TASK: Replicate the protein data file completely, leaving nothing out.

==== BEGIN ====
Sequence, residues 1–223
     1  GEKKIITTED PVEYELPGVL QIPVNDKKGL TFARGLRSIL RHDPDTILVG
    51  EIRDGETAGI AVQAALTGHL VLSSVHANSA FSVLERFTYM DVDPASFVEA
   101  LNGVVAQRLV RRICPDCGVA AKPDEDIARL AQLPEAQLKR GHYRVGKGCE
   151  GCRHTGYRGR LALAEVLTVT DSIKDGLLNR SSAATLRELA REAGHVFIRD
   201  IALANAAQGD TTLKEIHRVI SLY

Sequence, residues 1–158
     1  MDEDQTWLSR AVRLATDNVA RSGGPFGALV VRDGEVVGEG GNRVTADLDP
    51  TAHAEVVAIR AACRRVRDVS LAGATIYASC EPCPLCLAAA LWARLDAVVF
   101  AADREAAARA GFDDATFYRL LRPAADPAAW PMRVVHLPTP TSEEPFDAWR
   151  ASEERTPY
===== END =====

Sequence, residues 1–223
     1  GEKKIITTED PVEYELPGVL QIPVNDKKGL TFARGLRSIL RHDPDTILVG
    51  EIRDGETAGI AVQAALTGHL VLSSVHANSA FSVLERFTYM DVDPASFVEA
   101  LNGVVAQRLV RRICPDCGVA AKPDEDIARL AQLPEAQLKR GHYRVGKGCE
   151  GCRHTGYRGR LALAEVLTVT DSIKDGLLNR SSAATLRELA REAGHVFIRD
   201  IALANAAQGD TTLKEIHRVI SLY

Sequence, residues 1–158
     1  MDEDQTWLSR AVRLATDNVA RSGGPFGALV VRDGEVVGEG GNRVTADLDP
    51  TAHAEVVAIR AACRRVRDVS LAGATIYASC EPCPLCLAAA LWARLDAVVF
   101  AADREAAARA GFDDATFYRL LRPAADPAAW PMRVVHLPTP TSEEPFDAWR
   151  ASEERTPY